OPINION: A lot has been said about the decision by News24 to shut down their comments sections. But very little is being said about the gross inaccuracies that emanate from citizen journalism and social media, says Chris Moerdyk.
A few television news networks do occasionally give a somewhat limp-wristed warning about the veracity of the facts from mobile phone footage or tweets they have received from someone or other in the thick of a breaking news story.
But largely, the information highway has become a spaghetti junction of information that quite simply cannot really be trusted.
One only has to subscribe to any of the global social media offerings to realise how so many people go off pop without checking facts or sometimes even thinking.
It is small wonder why young people have started in a big way to shun conventional media as well as almost every form of online citizen journalism.
As a group of young graduates fresh out of university explained to me recently: “We don’t listen to the radio, we don’t read newspapers and we don’t watch TV – least of all the news. We stay informed by relying on our circle of friends – people we know and trust who can give us honest opinions on what is going on in the world. We have our own information networks, our own music and our own video.”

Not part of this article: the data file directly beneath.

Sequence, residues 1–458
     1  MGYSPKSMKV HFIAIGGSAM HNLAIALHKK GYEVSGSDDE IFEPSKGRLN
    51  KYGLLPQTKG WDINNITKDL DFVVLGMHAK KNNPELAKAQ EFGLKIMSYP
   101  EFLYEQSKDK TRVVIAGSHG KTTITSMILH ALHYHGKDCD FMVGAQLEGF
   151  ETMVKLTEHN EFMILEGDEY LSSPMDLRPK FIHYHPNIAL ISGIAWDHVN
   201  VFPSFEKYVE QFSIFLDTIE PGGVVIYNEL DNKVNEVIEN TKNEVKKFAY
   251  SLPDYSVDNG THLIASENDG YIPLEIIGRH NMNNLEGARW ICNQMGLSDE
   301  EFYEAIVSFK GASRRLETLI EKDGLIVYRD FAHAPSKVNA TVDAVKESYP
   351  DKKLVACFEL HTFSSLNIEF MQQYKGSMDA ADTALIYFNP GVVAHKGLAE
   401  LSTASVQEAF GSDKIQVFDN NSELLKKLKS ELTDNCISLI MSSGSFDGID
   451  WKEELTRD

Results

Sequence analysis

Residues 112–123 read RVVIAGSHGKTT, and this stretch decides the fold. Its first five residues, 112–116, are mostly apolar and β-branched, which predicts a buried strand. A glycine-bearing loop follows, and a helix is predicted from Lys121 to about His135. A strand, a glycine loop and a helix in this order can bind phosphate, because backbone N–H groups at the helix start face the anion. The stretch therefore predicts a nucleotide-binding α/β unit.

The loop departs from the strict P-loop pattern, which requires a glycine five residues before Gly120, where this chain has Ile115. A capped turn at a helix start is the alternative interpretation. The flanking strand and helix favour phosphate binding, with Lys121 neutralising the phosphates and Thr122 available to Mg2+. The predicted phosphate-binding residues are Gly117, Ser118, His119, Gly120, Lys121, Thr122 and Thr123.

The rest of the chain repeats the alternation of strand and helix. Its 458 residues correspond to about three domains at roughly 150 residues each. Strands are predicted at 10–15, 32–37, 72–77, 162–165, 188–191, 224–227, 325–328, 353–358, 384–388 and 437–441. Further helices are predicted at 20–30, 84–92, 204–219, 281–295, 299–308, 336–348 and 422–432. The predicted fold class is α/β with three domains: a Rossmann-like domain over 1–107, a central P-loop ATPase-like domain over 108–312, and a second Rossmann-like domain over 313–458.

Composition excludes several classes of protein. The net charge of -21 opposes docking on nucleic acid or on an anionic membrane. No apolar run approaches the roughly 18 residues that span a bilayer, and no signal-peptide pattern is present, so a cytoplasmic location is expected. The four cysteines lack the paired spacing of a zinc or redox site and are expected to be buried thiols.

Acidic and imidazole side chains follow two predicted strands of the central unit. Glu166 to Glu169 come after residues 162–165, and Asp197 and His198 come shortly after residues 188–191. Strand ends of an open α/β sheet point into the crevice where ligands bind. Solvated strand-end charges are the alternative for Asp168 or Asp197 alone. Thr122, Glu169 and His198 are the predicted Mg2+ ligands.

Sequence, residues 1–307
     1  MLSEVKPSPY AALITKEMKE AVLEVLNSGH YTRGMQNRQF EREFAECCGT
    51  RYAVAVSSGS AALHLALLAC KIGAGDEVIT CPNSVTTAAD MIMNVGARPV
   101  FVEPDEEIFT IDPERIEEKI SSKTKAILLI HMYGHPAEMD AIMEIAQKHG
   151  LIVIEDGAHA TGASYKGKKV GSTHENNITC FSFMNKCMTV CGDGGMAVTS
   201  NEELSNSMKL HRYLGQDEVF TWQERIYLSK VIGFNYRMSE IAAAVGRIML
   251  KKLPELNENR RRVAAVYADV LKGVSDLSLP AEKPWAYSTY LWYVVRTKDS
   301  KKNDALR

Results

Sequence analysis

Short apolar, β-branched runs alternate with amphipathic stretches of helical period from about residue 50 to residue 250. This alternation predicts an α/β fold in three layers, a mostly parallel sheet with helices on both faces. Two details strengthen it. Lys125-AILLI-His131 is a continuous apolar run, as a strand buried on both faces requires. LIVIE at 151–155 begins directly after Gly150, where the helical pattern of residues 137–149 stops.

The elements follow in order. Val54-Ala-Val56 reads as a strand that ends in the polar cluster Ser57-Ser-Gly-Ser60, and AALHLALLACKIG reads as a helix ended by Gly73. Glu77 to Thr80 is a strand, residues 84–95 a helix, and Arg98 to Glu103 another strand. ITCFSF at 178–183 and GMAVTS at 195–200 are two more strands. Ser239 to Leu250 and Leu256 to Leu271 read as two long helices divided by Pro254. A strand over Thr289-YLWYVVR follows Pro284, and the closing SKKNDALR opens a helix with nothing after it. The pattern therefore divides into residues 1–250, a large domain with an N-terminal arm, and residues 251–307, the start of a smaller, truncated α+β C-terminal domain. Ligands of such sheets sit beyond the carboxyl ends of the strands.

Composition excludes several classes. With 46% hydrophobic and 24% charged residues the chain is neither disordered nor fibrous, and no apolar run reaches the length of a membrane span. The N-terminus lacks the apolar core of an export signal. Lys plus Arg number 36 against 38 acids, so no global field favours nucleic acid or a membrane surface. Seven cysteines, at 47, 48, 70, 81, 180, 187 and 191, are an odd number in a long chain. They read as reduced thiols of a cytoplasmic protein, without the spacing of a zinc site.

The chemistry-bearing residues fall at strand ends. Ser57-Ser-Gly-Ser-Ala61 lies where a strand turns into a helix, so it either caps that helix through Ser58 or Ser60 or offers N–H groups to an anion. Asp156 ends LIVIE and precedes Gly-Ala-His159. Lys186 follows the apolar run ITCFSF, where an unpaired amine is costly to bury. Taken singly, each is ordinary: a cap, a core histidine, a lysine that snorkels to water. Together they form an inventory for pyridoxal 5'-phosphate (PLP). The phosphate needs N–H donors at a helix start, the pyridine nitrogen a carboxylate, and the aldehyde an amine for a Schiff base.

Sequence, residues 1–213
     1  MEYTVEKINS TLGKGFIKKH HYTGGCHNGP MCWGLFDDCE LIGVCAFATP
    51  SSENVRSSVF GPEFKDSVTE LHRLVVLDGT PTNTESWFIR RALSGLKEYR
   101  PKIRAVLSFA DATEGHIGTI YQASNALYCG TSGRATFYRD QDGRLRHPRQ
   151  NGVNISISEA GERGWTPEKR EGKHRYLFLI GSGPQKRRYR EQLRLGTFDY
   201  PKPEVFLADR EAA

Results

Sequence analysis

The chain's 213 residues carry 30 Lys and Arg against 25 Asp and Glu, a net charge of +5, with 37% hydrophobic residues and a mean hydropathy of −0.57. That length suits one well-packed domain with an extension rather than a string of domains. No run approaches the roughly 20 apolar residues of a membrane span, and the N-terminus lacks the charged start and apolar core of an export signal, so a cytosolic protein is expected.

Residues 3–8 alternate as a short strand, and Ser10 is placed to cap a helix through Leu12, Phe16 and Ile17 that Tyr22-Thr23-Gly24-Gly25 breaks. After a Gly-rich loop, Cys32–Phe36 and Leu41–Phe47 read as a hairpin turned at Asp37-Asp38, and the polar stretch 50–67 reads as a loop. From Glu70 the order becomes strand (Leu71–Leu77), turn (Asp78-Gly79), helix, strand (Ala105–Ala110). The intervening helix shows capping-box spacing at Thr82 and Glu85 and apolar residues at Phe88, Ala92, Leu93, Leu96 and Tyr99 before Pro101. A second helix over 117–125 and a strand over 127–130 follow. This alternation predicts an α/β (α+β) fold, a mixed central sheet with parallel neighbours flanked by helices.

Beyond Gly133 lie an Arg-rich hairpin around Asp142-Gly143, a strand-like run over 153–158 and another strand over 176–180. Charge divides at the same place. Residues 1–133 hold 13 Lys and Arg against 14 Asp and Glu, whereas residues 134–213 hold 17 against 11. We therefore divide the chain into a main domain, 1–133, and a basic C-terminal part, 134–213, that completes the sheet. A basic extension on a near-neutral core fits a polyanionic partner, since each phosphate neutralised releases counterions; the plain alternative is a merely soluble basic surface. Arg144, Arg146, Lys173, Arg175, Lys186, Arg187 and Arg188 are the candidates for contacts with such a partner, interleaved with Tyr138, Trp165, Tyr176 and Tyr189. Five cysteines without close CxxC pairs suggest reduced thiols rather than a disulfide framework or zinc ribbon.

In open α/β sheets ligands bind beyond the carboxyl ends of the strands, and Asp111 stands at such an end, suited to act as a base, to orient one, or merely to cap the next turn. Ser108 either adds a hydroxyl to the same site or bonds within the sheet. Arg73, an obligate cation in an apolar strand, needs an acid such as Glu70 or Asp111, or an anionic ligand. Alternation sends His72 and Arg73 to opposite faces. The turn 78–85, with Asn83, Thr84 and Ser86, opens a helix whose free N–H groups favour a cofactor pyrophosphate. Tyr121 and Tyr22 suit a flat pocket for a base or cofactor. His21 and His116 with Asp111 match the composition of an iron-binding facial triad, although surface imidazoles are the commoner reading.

I decided to put them on the spot and started asking questions about local politics, disasters as well as global issues of the day, fully expecting them to admit to having their heads pretty much buried in the sand.
I was taken aback at how informed they were and I gained considerable respect for the power of their “networks”.
This, of course, is something that has put the mass media and marketers in a fix because the only way they will be able to reach this influential and potentially moneyed audience in future will be by breaking in to their personal networks. And they only way they will be able to do this will be to offer certified value on a person-to-person basis.
The problem with today’s world is that the majority of people who make the headlines in the mass media and those ordinary people, who used to comment on News24 and other sites, all had hidden agendas. Some obvious, as in the case of politicians, and some not so obvious like in the case of someone who might comment with a vehemence that many might accept as passion but which in all probability was just pushing a personal agenda, either in the interests of bigotry, racism or social alignment.
It has become a tough world out there both for those who believe they are producing credible information and for those trying to find credible information.
The situation becomes exacerbated when, in an effort to build readership, viewership and listenership, mass media resort to sensationalism and contrived controversy.
Small wonder that young people today don’t read newspapers, listen to the radio or watch TV.
Getting their trust back is going to take titanium testicles and frankly, I am not convinced that our news media have any balls at all right now.
Follow Chris Moerdyk on Twitter @chrismoerdyk.
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